Cancer research is a study of tragic complexity. The more we discover about this disease, the more we realize how much we have to learn. It relentlessly unravels new complications, justifying the difficulty we have had in ridding cancer from the human experience. Nevertheless, we strive to conquer it. To accomplish this noble goal, we require tools to understand a patient's specific tumor in as comprehensive a manner as possible. The methods presented here aim to provide a complete assessment of a tumor's genome, discovering the alterations made to the patient's germline genome that may have given rise to cancer. Mutations both large and small are identified and integrated using various techniques to discover the events and elements specific to the tumor genome. The methods will be used on whole genome sequencing data of several tumors, revealing the structural events that occurred in multiple tumors. Double minute chromosomes in GBM tumors will be discovered computationally and confirmed experimentally. Finally, techniques that expose tumor clonality will be described and used to infer whole genome, allele-specific copy number profiles of all major clones comprising a tumor population from a single tumor biopsy.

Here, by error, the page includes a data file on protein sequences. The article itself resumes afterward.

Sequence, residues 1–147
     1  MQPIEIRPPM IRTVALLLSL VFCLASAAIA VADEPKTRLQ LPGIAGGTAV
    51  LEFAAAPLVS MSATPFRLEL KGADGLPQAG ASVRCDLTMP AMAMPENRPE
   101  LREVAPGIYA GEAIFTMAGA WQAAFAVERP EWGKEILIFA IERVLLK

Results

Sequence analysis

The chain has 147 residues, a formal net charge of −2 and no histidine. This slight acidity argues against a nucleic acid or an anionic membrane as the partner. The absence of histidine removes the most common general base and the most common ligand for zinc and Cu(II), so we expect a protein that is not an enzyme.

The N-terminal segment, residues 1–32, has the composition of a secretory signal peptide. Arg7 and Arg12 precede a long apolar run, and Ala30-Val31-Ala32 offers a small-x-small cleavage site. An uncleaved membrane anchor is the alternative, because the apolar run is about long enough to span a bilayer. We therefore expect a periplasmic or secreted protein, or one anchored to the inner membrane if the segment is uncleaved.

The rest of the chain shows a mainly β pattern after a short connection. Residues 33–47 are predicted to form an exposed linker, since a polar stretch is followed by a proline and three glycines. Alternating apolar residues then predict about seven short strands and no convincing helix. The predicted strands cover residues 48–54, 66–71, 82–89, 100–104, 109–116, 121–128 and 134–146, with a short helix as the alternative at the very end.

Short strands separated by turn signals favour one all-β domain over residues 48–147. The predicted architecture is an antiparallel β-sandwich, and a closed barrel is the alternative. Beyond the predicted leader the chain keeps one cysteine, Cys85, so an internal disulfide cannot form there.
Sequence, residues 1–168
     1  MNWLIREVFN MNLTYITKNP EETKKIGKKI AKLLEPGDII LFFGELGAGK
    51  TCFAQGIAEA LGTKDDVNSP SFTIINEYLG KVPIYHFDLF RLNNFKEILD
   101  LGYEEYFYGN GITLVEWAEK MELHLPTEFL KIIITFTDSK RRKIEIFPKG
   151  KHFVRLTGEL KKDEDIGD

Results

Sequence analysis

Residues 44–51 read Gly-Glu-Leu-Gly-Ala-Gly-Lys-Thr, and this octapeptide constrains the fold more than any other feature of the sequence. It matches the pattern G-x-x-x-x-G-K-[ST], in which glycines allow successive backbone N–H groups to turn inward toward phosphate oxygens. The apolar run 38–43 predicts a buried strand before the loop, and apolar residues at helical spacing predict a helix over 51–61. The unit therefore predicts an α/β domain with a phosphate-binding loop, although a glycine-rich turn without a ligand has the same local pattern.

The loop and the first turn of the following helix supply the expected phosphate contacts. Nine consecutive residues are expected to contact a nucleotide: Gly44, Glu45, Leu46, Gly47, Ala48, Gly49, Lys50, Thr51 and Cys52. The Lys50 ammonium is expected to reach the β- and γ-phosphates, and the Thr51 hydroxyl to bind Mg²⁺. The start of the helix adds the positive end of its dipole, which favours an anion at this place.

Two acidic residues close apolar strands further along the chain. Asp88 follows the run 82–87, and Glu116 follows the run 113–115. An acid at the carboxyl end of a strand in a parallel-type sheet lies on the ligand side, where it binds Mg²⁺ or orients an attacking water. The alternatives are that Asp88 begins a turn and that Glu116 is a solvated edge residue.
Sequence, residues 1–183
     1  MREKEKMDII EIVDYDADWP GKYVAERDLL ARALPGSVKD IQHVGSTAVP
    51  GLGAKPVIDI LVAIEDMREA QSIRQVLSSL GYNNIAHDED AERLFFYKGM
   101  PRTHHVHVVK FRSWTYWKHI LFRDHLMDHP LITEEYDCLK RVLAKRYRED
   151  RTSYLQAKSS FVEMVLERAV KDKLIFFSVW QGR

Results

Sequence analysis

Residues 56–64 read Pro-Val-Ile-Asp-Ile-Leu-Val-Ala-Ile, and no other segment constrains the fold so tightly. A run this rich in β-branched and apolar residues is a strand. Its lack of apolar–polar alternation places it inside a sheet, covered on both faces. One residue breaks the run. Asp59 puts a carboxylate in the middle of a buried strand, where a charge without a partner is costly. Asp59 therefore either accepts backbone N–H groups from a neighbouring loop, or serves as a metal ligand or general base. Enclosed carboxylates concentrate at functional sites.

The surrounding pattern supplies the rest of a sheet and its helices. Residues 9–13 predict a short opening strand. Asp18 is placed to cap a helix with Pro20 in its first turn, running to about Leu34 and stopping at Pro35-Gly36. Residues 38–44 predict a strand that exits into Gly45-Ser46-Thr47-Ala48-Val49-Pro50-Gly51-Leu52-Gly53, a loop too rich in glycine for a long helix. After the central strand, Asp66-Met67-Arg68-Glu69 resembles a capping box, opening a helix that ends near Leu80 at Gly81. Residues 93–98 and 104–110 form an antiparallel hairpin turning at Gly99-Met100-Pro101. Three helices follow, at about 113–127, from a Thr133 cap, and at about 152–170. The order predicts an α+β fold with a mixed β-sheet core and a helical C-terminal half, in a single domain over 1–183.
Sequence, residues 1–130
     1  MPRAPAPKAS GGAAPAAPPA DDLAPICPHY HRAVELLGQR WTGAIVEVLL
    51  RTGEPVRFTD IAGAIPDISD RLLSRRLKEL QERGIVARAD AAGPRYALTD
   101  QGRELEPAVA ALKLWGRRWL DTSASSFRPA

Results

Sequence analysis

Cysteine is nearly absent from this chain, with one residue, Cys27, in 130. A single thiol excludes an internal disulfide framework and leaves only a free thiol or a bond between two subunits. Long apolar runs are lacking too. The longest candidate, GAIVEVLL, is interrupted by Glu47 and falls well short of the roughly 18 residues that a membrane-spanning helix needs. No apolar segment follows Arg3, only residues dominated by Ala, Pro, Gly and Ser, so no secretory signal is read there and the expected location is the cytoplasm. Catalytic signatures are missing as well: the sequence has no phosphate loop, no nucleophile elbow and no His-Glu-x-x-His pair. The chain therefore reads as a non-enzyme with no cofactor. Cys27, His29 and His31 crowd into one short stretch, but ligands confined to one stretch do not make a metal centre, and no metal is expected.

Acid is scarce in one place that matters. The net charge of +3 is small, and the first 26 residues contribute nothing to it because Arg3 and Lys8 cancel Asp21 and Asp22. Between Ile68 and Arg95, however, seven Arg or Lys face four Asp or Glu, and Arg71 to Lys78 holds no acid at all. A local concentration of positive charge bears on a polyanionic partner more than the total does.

|Commitee:||Pourmand, Nader, Stuart, Joshua M.|
|School:||University of California, Santa Cruz|
|Department:||Biomolecular Engineering and Bioinformatics|
|School Location:||United States -- California|
|Source:||DAI-B 74/06(E), Dissertation Abstracts International|
|Subjects:||Genetics, Bioinformatics, Oncology|
|Keywords:||Algorithms, Cancer, Data integration, Genomics, Oncogenesis, Sequencing, Tumor|
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